Coraline Ehmke is a Ruby developer who created the Hippocratic License, which among other things prohibits using the software in a way that “violates human rights laws.” Ehmke also founded the ethical source movement around similar principles: “Creators have the right to prohibit use by individuals or organizations engaged in human rights violations or other behavior deemed unethical.”

What is ethical? And what is unethical?

That is the biggest question - and also probably the hardest on to answer (or more accurately, harder to agree upon). What might seem to conform to one persons set of ethics - will be unethical to another.

Let me give you an example - from my personal life.

I live a place named Efrat, which is South of Jerusalem. It is a small town of about 10,000 people. Public parks, stores, schools, synagogues, everything you would expect in a normal town. I paid for the use of the land, I paid for my house, I pay my taxes, both municipal and government, and I abide by all the laws of the country. I am a law abiding citizen (as are we all) - and I hold myself to the highest standards.

Another person might have this kind of view (and I am going to adopt the other extreme on purpose here, even though my personal opinions are completely the opposite).

You live in illegal settlement named Efrat, which is in the occupied territories. The land does not belong to Israel. It belongs to the Palestinians. The land is stolen and should be returned to its rightful owners. All the buildings, houses and services there should be flattened because they were built against international law. All the people living there are criminals and should be charged with crimes against humanity for stealing someone elses land.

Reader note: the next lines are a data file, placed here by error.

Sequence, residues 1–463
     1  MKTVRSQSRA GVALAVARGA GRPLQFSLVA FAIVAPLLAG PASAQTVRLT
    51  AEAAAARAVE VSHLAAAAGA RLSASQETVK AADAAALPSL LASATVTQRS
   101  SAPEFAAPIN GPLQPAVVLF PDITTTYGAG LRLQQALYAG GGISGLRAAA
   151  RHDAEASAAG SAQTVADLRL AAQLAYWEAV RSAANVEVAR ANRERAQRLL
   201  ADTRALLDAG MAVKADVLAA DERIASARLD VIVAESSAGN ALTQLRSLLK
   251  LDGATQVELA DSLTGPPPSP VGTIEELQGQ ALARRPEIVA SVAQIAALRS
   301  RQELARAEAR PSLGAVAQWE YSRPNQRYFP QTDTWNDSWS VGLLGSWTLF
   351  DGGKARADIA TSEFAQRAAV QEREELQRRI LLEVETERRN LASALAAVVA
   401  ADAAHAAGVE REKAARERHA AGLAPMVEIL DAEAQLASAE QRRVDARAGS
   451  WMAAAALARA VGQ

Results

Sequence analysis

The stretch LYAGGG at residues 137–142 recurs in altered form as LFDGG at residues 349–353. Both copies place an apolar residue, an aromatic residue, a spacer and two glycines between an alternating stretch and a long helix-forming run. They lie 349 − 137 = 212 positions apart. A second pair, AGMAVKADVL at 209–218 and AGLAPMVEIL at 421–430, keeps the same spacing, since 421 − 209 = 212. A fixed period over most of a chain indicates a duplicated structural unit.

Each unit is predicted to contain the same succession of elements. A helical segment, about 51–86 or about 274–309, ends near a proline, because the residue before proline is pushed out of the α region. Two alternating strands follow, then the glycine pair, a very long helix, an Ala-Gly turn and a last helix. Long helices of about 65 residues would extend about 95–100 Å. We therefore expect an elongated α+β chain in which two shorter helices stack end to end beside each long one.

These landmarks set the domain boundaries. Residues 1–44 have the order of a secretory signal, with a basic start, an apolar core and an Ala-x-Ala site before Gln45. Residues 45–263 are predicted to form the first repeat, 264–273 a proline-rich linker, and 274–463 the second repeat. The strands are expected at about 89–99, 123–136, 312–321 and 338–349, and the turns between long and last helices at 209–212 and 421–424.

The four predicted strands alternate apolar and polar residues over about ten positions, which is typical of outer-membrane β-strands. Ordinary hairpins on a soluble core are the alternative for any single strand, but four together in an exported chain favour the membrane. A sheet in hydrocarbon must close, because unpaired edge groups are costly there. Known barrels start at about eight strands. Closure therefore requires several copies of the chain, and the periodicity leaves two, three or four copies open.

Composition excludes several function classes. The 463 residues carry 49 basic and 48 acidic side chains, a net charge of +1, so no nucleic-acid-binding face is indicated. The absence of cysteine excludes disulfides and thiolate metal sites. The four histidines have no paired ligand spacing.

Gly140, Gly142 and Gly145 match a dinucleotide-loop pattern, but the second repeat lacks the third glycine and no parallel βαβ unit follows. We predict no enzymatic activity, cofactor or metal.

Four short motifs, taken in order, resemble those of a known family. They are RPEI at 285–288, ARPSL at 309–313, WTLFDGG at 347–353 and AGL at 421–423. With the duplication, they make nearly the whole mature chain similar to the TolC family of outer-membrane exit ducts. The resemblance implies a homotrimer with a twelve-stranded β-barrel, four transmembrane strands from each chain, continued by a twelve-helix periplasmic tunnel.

Who is right? Both of them are. At least from their own perspective.

Let me give you another example - this time something that is connected to history (and also relevant because yesterday was Purim) - and I will simplify the story a bit - and of course add some humor.

The Jewish people in Shushan were persecuted by this guy named Haman, who was an anti-semite. He hated Jews and wanted them all dead. So he devised a plot to kill them all. Luckily the queen was Jewish, and she managed to convince the king that Haman was a bad guy, he and all his family were hanged, and the Jews prevailed and overcame the evil anti-semites.

Looking at the other side (and I am allowed to say this because I am Jewish.. )

There was a despised race - that no-one cared about - causing problems in the ?kingdom, but a great leader by name of Haman, found a way to rid the world of this evil, so he went and explained this logic to the king - and of course he agreed, and passed a law to allow us to rid the land of all Jews. But the Jews managed somehow to squirm their way out of it, twist the narrative in their favor, and managed to plot against the law abiding citizens of Persia who were just following the law. They managed to incriminate Haman and got him (and his entire family) executed. They killed all those who tried to defend themselves against the Jewish oppression - and again Jews again managed to control the world.